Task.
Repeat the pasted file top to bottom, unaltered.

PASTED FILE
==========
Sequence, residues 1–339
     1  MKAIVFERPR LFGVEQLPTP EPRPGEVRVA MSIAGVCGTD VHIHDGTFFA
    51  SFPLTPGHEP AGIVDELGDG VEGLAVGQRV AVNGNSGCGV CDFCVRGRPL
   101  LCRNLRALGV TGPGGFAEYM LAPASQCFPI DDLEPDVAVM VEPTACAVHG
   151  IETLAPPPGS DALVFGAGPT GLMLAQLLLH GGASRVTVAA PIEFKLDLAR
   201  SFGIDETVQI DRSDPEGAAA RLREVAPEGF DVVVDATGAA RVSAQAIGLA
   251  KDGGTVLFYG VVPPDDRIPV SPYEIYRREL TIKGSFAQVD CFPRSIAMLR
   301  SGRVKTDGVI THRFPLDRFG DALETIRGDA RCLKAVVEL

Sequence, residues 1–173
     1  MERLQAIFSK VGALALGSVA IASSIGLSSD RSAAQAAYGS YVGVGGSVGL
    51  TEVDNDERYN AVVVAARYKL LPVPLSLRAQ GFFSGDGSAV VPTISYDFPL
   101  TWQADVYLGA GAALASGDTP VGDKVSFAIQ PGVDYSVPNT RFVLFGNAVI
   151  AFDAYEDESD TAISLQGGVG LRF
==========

Sequence, residues 1–339
     1  MKAIVFERPR LFGVEQLPTP EPRPGEVRVA MSIAGVCGTD VHIHDGTFFA
    51  SFPLTPGHEP AGIVDELGDG VEGLAVGQRV AVNGNSGCGV CDFCVRGRPL
   101  LCRNLRALGV TGPGGFAEYM LAPASQCFPI DDLEPDVAVM VEPTACAVHG
   151  IETLAPPPGS DALVFGAGPT GLMLAQLLLH GGASRVTVAA PIEFKLDLAR
   201  SFGIDETVQI DRSDPEGAAA RLREVAPEGF DVVVDATGAA RVSAQAIGLA
   251  KDGGTVLFYG VVPPDDRIPV SPYEIYRREL TIKGSFAQVD CFPRSIAMLR
   301  SGRVKTDGVI THRFPLDRFG DALETIRGDA RCLKAVVEL

Sequence, residues 1–173
     1  MERLQAIFSK VGALALGSVA IASSIGLSSD RSAAQAAYGS YVGVGGSVGL
    51  TEVDNDERYN AVVVAARYKL LPVPLSLRAQ GFFSGDGSAV VPTISYDFPL
   101  TWQADVYLGA GAALASGDTP VGDKVSFAIQ PGVDYSVPNT RFVLFGNAVI
   151  AFDAYEDESD TAISLQGGVG LRF